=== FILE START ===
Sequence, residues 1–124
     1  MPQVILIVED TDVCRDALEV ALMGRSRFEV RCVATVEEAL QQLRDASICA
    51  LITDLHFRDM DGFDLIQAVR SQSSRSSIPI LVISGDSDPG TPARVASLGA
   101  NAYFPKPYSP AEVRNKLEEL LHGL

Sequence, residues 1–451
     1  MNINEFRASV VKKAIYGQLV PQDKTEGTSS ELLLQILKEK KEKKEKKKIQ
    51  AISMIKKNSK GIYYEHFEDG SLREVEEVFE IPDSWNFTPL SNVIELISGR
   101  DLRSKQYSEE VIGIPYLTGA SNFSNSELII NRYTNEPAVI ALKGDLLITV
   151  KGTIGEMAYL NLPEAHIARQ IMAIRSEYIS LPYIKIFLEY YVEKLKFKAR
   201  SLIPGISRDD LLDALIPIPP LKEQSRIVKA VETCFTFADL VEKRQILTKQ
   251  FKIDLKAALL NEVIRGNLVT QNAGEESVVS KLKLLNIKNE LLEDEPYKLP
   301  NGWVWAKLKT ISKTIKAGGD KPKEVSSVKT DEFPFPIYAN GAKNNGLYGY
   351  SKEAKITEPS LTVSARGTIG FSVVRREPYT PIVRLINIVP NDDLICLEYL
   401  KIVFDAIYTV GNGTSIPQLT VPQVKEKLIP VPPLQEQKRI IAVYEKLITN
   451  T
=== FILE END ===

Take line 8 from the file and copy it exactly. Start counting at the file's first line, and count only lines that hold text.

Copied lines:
   101  DLRSKQYSEE VIGIPYLTGA SNFSNSELII NRYTNEPAVI ALKGDLLITV